“We offer four databases that are free to the public,” Evans says. “Each one offers collections relative to researching African-American history. Additionally, we offer a beginning genealogy class nine months out of the year for those who are unsure about how to get started.”

Records of enslaved ancestors, she says, differ from location to location.

“Some states or places were more diligent about maintaining and keeping records than other states,” Evans says. “It's a good idea to check with state and local history centers and repositories to get a better understanding of what types of historical records are available in the state.”

Several local archives can be treasure troves, especially for those whose families lived for generations in Texas. The Austin History Center, which covers only Travis County history, has the added advantage of an archivist set aside for the African-American community.

“The Texas State Library and Archives offers a wealth of information on genealogy that relates to Texas and other states,” Evans says. “The Texas Department of State Health Services holds vital records, too, as does the Texas General Land Office.”

African-American Genealogy Tips

Source: Carver Genealogy Center

• Fill out a genealogical chart provided by the center. Talk to your family to fill in information that you don’t know.

• The latest released census is from 1940. Start with family members born before the 1940s and work backward, or you could start with the person you are looking for, but you may need to use records other than the census.

• 1870-1940 — Finding your relative is usually not a problem. This is where your chart comes in handy.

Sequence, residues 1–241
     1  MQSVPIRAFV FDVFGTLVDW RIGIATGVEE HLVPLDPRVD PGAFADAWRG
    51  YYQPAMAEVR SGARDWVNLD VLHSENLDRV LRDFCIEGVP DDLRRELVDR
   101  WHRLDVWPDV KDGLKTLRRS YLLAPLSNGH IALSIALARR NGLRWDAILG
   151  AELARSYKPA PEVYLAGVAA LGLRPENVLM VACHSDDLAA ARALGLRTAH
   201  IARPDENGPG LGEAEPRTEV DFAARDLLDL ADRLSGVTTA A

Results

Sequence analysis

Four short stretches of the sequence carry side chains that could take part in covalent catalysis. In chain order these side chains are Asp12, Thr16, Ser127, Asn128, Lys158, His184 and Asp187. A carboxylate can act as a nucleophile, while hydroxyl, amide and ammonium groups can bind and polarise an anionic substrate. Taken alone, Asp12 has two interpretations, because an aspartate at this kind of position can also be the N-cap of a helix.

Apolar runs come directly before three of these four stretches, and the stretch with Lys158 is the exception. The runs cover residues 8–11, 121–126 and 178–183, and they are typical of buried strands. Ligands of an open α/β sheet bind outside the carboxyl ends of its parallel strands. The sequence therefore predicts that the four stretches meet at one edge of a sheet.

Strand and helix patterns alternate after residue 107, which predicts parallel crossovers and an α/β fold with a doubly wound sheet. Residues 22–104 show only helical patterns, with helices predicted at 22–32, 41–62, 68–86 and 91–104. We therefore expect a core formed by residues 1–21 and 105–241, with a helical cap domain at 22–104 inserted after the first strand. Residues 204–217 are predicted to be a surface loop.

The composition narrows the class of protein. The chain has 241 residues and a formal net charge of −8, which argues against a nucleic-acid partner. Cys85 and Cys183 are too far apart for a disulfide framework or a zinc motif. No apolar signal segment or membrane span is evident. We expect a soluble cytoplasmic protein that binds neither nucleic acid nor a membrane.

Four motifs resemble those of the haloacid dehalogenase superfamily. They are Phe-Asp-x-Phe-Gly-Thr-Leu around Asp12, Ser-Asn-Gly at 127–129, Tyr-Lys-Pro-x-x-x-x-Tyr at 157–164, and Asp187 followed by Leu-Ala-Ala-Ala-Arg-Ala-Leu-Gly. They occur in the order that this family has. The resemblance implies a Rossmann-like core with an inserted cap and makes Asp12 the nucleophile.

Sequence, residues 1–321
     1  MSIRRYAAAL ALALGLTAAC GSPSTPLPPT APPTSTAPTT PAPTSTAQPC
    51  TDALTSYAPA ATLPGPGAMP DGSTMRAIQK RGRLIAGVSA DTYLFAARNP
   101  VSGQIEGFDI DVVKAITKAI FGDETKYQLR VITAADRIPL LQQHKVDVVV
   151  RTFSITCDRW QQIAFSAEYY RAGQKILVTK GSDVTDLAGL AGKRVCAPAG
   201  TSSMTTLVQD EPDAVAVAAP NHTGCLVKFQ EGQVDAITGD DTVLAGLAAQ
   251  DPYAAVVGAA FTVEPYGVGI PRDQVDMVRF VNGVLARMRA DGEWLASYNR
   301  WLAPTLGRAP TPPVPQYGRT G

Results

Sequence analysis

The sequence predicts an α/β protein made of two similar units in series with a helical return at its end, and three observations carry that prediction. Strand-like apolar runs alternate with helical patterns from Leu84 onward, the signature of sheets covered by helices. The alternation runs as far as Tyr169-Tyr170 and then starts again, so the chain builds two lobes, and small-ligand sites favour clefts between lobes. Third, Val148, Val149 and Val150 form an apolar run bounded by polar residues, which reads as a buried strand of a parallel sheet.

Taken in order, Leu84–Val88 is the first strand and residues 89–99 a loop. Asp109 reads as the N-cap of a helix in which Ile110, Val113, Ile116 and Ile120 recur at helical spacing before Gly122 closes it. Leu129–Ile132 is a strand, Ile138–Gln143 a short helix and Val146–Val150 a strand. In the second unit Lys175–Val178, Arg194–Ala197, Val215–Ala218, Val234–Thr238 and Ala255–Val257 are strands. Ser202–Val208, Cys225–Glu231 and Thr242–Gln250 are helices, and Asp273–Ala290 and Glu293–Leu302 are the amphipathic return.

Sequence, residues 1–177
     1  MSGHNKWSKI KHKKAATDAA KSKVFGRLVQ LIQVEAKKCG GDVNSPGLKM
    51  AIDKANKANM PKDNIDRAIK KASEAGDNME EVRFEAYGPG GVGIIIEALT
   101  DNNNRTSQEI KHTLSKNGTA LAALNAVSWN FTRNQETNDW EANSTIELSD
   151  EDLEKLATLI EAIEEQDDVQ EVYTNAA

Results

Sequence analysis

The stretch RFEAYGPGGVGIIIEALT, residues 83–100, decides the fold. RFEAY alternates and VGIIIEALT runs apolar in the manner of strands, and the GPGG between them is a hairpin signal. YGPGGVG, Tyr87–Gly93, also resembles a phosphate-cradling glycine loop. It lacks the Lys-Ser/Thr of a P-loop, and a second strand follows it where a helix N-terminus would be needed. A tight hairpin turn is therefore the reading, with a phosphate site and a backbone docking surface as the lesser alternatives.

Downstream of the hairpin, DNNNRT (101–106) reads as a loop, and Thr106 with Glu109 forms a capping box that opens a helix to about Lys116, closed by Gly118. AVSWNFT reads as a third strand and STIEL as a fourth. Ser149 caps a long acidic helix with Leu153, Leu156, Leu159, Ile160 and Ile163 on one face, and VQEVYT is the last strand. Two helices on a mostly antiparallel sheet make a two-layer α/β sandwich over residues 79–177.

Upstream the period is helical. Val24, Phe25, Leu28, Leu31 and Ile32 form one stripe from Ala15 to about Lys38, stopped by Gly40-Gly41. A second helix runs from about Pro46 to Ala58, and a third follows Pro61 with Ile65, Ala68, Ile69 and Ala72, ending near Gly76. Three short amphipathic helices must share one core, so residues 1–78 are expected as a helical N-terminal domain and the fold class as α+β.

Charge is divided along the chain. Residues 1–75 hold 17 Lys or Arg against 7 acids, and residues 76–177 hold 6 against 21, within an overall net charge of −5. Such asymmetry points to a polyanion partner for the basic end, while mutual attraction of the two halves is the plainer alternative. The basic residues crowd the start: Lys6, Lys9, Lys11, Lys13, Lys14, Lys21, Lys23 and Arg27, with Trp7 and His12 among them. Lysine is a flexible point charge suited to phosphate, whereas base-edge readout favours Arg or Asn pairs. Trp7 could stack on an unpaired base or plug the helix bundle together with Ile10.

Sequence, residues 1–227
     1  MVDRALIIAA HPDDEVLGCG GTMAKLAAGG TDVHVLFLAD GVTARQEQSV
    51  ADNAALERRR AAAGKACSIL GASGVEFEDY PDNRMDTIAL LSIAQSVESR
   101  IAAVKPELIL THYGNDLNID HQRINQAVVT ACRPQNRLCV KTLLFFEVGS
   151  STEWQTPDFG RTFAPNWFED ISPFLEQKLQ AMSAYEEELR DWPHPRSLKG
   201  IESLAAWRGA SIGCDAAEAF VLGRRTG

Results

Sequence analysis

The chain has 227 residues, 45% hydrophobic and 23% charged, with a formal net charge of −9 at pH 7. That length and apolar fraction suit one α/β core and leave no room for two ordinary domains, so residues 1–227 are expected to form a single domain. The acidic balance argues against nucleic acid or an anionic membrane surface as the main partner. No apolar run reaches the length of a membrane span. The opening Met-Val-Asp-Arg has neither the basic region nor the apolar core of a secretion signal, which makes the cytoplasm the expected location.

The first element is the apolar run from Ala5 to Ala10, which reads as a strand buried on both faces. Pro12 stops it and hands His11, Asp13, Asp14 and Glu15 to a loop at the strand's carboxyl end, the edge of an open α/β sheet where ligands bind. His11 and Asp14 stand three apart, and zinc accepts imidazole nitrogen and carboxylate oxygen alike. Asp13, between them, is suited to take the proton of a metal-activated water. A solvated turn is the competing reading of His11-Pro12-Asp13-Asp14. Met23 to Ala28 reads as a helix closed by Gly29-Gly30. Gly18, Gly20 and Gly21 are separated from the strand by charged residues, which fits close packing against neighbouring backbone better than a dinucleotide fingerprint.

• 1860 — Before this date, it is important to know if your relative was free or enslaved.

• 1790-1840 — During this period, only heads of households listed in census.

• Most states were required to keep vital records starting in the early 20th century.

• Get to know the history of the area, state, city, county, etc., as well as the history of African-Americans in the area.

• 1870 — This year saw the first census to identify African-Americans by name, but it did not identify relationships.

• 1880 — Starting in this year, relationships are identified.

Places to look for information for the period after 1860

• State census records.

• Voter registration lists for 1867

• Marriage/cohabitation records

• Freedmen’s Bureau records

• Military records

• Tax records

• Land records

• Church records

• Newspapers

Places to look for information for the period before 1860

Was your relative enslaved or a free person of color?


• Look for records that would have specifically documented people who were enslaved.

• Petitions

• Bills of sale

• Estate records/probates

• Family diaries/papers

• Newspapers (runaway ads)

Free people of color

• City directories

• Tax records

• Petitions

• Military

• Land records

• Newspapers

• Probate records